• Respect Privacy. Offenders can be very clever about getting information so do not give any information out about your friend, no matter what the offender or their associates might say.
  • Help them feel safe. Offer to spend time with your friend so they do not have to be alone.
  • Refer your friend to the Women’s Center, Counseling Care, S.A.F.E. Center, University or local Law enforcement. They can assist you in helping your friend devise a personal safety plan, provide support and advocacy, provide them with information about local laws and University policies, investigate and prosecute the offense. These resources can assess the situation and refer your friend to counseling, legal aid, provide an escort on campus and they can be a safe place on campus where their needs will be heard and responded to. Resources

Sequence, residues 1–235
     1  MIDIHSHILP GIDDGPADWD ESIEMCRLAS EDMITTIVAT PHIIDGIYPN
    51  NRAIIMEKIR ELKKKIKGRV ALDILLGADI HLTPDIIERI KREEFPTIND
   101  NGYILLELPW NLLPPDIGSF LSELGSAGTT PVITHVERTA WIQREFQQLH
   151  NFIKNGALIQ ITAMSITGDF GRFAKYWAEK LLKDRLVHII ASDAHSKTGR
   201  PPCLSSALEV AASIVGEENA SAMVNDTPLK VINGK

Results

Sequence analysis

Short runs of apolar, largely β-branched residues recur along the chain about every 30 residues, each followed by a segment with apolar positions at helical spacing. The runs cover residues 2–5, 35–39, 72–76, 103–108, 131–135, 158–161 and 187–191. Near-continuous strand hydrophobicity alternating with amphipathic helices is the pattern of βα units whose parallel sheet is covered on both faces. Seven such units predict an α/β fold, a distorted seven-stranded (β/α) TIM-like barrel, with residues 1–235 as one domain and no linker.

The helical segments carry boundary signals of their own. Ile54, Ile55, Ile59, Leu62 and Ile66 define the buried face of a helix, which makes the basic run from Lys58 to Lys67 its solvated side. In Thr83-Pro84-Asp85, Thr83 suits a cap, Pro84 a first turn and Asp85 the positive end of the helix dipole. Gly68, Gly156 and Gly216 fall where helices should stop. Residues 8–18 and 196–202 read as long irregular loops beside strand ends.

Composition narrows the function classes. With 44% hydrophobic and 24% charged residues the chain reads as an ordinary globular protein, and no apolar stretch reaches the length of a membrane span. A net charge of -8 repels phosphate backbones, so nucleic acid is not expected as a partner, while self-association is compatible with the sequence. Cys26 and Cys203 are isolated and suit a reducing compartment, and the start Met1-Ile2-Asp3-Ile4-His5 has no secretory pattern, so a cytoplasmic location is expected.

• Get Support for Yourself. Sometimes the friends of victims can also feel the impact of the crime and experience emotional and physical reactions. This is called secondary victimization. Hearing about these offenses can be upsetting. You may feel angry, sad, frustrated and helpless. If you have experienced crime or other traumatic events in the past, your friend’s experience might bring up memories and feelings from that time. You may want to talk about your feelings but also respect your friend’s privacy. You can contact the Women’s Center, Counseling Care or S.A.F.E Center to speak to an advocate confidentially. Resources